Looking for the missing women
Kathleen Welch’s tirades in Electric Rhetoric made me curious about the women missing from the “rhetorical canon.” So I’ve been on a bit of a mission. Aspasia of Miletus was next on my list. As usual, Aristophanes is one of the best (at least in the comic sense) resources regarding the ancient Greeks. She’s there, in Acharnians:
But then some young crapshooters got to drinking
and went to Megara and stole the whore Simaétha.
And then the Megarians, garlic-stung with passion,
got even by stealing two whores from Aspasia.
From this the origin of the war broke forth
on all the Greeks: from three girls good at blow-jobs.
I was looking at the original Greek text, curious about the word used for blow-job, laikastriôn. It seems that the online lexicon merely lists it as harlot, rather than listing it as a particular specialty. Surely the translator didn’t take license with the term, because so much of Aristophanes’ vocabulary is quite specific. For example pephusingômenoi, translated as “garlic-stung with passion” is listed in the lexicon as:
phusingoomai phu_singoomai, [phusinx] Pass. to be excited by eating garlic, properly of fighting cocks: hence the Megarians (who were large growers of garlic) are said to be odunais pephusingômenoi infuriated by vexations, Ar.
“Garlic-stung with passion” does sound better than the lexographer’s translation of the same phrase as “infuriated by vexations.” All in all though, it sounds like a desire thing to me. Evidently, growers of garlic had difficulty procuring blow-jobs by other means. This makes a certain perverted sense. But the outcome of this theft is what seems quite pertinent to present day politics.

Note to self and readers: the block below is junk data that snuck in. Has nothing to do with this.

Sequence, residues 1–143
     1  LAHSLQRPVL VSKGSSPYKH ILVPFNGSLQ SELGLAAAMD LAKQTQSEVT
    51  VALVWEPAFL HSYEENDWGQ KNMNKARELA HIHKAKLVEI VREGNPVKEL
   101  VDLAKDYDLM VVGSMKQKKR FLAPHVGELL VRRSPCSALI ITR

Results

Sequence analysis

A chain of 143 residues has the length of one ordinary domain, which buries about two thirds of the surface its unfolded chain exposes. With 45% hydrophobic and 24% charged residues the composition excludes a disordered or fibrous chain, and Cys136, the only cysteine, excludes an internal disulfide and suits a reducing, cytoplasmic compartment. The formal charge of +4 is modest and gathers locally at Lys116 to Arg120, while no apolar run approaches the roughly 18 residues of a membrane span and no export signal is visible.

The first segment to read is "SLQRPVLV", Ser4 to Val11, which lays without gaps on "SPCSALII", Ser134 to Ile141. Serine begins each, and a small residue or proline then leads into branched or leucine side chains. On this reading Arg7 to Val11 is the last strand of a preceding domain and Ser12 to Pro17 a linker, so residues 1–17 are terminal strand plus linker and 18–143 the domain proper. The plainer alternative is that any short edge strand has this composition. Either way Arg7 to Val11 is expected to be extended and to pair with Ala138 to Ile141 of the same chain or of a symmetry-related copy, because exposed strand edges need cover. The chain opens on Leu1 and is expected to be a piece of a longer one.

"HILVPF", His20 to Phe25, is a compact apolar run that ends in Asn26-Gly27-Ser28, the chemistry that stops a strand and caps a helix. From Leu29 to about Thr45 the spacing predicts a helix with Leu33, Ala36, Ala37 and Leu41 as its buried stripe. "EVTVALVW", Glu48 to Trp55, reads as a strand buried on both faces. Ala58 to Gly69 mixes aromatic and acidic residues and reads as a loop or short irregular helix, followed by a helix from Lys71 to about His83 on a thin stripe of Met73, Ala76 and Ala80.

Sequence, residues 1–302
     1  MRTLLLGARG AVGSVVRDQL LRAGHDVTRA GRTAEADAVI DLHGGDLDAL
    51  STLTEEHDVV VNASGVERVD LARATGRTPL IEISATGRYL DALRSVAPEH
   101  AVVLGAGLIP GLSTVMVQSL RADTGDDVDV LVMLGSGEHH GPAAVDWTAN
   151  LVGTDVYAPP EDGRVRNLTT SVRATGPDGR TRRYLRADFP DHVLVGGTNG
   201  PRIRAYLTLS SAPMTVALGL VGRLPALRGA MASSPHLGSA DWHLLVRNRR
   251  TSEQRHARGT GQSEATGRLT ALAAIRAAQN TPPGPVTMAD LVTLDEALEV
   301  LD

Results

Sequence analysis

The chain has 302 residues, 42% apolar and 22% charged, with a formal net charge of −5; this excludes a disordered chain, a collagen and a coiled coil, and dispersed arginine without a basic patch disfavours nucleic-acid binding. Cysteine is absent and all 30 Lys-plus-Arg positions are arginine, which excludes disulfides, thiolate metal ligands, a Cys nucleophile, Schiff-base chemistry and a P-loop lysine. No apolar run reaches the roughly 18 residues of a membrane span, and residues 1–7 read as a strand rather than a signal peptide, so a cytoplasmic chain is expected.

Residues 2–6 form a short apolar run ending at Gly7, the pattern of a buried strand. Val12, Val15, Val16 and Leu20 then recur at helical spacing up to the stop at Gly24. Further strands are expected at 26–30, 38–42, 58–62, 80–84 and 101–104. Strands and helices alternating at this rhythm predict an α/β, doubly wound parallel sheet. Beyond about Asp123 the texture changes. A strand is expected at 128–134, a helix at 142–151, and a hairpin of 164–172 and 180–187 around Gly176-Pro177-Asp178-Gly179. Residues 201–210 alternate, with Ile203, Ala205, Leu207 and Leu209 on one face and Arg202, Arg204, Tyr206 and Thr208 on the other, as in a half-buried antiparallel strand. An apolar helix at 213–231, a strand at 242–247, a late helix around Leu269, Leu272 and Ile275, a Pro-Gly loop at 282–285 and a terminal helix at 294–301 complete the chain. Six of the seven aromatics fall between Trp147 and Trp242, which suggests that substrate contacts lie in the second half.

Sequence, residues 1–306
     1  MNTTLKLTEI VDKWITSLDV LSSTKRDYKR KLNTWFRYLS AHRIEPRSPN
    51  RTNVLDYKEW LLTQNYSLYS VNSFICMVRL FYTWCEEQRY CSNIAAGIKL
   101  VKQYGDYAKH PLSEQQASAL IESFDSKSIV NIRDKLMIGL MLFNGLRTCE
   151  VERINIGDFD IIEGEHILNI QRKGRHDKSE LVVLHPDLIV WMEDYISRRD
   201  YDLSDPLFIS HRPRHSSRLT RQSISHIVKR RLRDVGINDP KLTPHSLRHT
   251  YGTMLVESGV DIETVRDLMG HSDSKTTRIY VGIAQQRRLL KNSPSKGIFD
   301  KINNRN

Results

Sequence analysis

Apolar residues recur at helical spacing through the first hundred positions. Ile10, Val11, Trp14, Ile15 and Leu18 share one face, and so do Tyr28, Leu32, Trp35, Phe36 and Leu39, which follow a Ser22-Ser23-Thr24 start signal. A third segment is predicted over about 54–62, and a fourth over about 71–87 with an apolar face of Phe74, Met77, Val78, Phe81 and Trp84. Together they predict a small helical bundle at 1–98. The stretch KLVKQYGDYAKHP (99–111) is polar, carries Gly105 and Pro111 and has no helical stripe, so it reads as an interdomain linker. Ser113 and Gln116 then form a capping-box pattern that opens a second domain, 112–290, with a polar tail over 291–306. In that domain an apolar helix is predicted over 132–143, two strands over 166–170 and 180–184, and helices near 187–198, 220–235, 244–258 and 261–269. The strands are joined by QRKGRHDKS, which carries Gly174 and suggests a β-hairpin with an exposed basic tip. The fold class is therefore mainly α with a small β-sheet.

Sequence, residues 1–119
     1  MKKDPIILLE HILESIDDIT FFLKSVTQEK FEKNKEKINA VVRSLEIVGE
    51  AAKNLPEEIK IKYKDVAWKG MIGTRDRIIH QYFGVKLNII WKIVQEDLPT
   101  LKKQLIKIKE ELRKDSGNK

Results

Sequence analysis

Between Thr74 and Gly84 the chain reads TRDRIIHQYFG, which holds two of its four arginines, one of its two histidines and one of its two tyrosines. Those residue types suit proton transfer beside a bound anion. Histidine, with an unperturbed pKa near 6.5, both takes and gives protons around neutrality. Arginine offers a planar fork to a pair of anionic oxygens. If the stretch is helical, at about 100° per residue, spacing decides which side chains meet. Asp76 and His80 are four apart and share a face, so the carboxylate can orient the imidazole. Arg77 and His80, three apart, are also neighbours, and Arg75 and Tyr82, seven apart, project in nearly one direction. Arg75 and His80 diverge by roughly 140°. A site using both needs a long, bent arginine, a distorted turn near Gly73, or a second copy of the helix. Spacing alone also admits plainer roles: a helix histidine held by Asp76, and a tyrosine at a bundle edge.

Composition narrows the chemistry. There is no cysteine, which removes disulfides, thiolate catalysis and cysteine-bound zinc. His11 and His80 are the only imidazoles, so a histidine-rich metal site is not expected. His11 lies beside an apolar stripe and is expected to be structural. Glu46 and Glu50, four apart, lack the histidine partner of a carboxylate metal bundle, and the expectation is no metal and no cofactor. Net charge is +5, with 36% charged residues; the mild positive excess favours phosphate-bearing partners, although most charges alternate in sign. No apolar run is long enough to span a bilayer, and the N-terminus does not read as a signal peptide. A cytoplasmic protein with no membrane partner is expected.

And then in wrath Olympian Pericles did lighten and thunder and turn Greece upside-down, establishing laws that read like drinking-songs:
“Megarians shall be banned from land and markets and banned from sea and also banned from shore.”
Whereupon the Megarians, starving inch by inch, appealed to Sparta to help make us repeal the decree we passed in the matter of the whores.
This sort of victimization of the “other” (even if they do smell) jibes nicely with Ray’s thoughts on the function of groups to perpetuate homogeneity. We can’t have those garlic-inflamed folks stealing our blow-job queens, now can we? Laws that sound like drinking-songs? This all sounds too familiar.
What is also far too familiar is the reduction of Aspasia to a simple whore. Her oral powers seemed to extend quite a bit further than the bedroom. Socrates was impressed by her too. Obviously, she held Pericles in her sway, as Aristophanes so pointedly implies by blaming a war on her. The politics behind her situation seems quite interesting. What’s an educated girl from out of town to do? Socrates claims that she was an impressive rhetorician. One of most useful moves I made, in teaching research papers, was comparing them with a sales pitch. Obviously, “working girls” need strong sales skills, and Socrates (though it may have been tongue-in cheek) did seem more interested in other oral skills Aspasia possessed than the ones highlighted by Aristophanes.